I don't see ASD as just a learning disability either. It may well mess with your learning abilities - in my case I'm slow to learn and I had big problems learning at school and college - but we're normally capable of learning if the conditions match our thinking style, and it's often the case that when we have learned a thing, we've learned it more thoroughly than other people generally do.

ASD gives people a mixed bag of problems, including issues with dealing with other people and sensory issues. It may also give us a few "super powers."



QFT
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10 Oct 2022, 6:49 am

As I said, I didn't mean learning at school. I meant learning social things.

Me personally, I never had learning disabilities at school. So thats the last thing I am thinking of.

But when an aspie struggles socially, is it the same concept as someone struggling with learning disabilities?



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10 Oct 2022, 6:58 am

QFT wrote:
Yes, I was officially diagnosed.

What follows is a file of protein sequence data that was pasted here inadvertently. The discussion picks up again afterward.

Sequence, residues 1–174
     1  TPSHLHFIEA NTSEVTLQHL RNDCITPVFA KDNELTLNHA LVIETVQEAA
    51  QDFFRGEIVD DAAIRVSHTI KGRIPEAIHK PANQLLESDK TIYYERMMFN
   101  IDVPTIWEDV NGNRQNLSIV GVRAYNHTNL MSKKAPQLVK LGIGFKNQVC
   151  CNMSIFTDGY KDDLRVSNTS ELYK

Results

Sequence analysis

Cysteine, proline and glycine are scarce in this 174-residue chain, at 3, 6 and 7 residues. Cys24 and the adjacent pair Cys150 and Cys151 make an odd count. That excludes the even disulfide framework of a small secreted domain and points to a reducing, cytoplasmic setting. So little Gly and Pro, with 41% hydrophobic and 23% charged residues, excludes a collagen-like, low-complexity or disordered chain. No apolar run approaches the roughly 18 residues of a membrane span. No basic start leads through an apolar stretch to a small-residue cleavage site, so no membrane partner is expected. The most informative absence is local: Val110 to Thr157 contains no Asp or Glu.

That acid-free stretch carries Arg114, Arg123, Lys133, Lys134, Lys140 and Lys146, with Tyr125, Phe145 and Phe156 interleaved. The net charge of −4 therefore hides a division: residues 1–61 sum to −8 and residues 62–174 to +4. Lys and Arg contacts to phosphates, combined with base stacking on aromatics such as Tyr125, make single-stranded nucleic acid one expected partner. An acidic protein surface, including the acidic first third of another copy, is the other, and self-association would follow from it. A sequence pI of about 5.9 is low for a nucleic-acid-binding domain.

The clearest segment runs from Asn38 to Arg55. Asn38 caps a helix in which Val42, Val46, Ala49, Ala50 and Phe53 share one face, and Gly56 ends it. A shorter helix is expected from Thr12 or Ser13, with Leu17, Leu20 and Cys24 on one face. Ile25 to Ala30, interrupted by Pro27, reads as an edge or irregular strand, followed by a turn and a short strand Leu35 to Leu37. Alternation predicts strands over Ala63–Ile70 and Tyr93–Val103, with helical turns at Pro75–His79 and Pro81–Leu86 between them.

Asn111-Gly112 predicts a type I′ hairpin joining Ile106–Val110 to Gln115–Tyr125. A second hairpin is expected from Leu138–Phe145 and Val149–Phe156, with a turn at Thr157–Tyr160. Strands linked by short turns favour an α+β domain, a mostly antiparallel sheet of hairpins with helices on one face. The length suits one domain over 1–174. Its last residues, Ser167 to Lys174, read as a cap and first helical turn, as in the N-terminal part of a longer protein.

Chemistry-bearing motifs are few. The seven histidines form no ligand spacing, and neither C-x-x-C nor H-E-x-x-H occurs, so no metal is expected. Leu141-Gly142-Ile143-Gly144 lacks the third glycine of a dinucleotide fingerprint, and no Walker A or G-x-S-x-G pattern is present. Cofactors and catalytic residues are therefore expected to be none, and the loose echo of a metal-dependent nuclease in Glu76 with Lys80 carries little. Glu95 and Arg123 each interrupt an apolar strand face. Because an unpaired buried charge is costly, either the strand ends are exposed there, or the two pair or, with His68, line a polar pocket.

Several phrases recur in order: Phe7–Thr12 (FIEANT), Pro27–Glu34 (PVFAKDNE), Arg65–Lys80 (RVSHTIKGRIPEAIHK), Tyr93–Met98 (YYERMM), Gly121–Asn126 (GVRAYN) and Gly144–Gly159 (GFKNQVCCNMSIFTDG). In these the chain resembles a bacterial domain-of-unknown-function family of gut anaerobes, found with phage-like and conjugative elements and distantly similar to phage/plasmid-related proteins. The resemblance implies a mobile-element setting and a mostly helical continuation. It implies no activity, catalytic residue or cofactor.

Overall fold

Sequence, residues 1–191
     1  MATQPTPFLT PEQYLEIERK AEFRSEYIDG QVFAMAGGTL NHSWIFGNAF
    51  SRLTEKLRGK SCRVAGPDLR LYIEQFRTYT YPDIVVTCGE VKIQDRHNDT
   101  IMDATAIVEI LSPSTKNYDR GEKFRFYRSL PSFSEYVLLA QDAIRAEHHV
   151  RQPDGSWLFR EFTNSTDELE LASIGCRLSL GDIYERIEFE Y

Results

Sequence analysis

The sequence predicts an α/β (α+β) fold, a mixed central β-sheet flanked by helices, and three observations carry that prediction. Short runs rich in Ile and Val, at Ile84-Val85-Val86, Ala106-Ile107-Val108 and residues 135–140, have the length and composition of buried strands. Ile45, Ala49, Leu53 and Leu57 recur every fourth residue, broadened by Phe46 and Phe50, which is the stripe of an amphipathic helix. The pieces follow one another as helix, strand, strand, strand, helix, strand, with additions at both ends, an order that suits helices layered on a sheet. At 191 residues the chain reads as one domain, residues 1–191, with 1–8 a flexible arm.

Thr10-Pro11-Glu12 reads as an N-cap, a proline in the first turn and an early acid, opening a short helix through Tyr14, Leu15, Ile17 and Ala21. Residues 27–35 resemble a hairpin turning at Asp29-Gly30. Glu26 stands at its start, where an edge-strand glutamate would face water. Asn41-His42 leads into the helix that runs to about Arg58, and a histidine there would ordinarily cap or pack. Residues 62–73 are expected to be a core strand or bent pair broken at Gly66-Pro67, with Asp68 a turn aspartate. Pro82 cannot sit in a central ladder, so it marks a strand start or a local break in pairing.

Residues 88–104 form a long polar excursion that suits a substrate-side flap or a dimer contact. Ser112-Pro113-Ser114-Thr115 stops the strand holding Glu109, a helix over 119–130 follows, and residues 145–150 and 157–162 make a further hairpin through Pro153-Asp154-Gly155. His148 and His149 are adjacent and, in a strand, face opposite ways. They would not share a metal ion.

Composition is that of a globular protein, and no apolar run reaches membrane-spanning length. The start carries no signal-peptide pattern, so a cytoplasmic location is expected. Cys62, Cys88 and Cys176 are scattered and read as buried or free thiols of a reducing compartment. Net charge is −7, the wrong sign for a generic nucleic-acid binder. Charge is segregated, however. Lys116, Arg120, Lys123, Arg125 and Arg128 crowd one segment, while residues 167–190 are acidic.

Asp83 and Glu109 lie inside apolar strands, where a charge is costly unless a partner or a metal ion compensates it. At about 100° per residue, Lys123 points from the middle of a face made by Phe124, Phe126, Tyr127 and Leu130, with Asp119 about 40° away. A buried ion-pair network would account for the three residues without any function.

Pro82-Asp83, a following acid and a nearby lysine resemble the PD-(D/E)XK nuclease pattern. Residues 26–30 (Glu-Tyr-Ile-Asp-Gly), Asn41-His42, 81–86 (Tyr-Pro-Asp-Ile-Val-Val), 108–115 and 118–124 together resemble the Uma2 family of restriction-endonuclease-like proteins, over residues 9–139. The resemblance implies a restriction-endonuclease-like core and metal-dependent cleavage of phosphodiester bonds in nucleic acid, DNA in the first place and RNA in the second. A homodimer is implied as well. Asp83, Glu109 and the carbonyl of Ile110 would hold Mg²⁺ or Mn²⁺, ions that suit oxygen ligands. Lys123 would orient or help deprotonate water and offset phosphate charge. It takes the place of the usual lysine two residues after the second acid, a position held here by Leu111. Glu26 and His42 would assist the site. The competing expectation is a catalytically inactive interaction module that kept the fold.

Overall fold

And by learning disability I am not referring to school but I am referring to "the same concept". As in, if you take learning disability and replace the academic subject with social subject, is this what Asperger would be like?


I think you're on to something



ToughDiamond
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10 Oct 2022, 8:53 am

QFT wrote:
As I said, I didn't mean learning at school. I meant learning social things.

Me personally, I never had learning disabilities at school. So thats the last thing I am thinking of.

But when an aspie struggles socially, is it the same concept as someone struggling with learning disabilities?

Hmmm........are they the same thing or not? I suppose the main difference between school learning and social learning is that school learning usually has a bigger element of instruction, i.e. teaching. Maybe one of the biggest problems with social learning (for Aspies) is all these unwritten social rules that nobody explains properly because NTs pick it up intuitively.